Genus

GenusGenus by Jonathan Trigell seemed a natural next book after Inferno, even though Trigell’s writing is in a completely different league but both look, at least in part, at the effect genetic alteration would have on society. Whereas Inferno was more about overpopulation and the transhumanist approach, Genus looks more at genetic alteration as an extension almost of cosmetic surgery. It is the not too distant future and the beautiful roam the Earth, which is not so good if you’re one of the few unaltered left. The unaltered congregate in the Kross (Kings Cross) and there’s a murderer on the loose.

Featuring a relatively large cast of characters; there’s a dwarf, a blinded soldier, a policeman with the best genes on the force, a family of identical gangsters, amongst others, Genus is an incredibly depressing book. Whereas Inferno was, well Dan Brown, Genus seems a lot more possible. A direct allegory towards today’s society and how we treat those who are ‘other’, you can easily see the future playing out like this.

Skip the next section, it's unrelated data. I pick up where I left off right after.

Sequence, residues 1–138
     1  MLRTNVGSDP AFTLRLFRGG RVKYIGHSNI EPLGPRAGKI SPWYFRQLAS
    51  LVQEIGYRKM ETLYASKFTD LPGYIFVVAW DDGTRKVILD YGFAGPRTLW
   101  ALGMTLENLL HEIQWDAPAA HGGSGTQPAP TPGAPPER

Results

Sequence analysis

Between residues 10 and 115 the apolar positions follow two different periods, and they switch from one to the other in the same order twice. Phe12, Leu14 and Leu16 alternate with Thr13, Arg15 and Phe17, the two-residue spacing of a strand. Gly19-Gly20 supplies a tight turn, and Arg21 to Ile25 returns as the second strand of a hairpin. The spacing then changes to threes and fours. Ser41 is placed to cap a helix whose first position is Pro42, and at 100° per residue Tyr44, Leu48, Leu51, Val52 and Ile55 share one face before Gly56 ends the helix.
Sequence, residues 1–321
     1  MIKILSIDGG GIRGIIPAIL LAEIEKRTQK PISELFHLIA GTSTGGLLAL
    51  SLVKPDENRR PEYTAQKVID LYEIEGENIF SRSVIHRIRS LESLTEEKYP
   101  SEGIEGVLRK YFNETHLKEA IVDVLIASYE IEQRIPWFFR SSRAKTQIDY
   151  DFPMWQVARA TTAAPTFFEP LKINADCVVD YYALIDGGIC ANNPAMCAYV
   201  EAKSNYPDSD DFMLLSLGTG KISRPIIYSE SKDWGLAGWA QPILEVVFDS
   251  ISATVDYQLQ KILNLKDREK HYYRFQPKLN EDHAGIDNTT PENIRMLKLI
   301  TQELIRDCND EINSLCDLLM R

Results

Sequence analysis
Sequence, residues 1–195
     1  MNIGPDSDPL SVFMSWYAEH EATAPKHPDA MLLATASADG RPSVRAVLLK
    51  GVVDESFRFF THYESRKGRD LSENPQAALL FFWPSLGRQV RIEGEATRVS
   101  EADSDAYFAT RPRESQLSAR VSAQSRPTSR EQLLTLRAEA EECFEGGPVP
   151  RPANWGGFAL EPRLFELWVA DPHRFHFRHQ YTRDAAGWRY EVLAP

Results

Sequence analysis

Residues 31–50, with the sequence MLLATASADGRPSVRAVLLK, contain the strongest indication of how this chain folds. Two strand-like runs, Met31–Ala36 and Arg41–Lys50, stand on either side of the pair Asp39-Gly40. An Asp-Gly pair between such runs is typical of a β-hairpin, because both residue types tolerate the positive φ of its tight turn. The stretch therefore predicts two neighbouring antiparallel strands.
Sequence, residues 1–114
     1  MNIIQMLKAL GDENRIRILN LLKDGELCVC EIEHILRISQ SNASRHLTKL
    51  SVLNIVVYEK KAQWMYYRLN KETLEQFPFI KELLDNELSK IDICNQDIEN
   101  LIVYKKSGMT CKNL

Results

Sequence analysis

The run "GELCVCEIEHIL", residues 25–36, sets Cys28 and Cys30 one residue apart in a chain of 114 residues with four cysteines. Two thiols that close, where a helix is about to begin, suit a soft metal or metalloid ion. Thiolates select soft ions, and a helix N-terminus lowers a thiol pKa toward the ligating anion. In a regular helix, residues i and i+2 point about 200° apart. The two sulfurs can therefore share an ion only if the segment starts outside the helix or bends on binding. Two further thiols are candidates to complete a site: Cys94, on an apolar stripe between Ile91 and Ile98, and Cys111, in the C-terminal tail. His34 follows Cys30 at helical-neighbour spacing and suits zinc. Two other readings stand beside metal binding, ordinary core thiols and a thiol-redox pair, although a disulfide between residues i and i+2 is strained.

I found Genus to be an evocatively written, in places very graphic (there were a few places were my stomach lurched) book, however there were lots of places were the text just seemed to be there just because it was so literary and it didn’t advance the storyline or how you felt about the characters, however I should say I’m not a massive fan of literary fiction and it wasn’t what I was expecting from the book blurb, so I’m just going to give this one *** (out of 5), in the hands of someone who appreciates literary fiction a bit more than I do, I suspect it’d rate higher.

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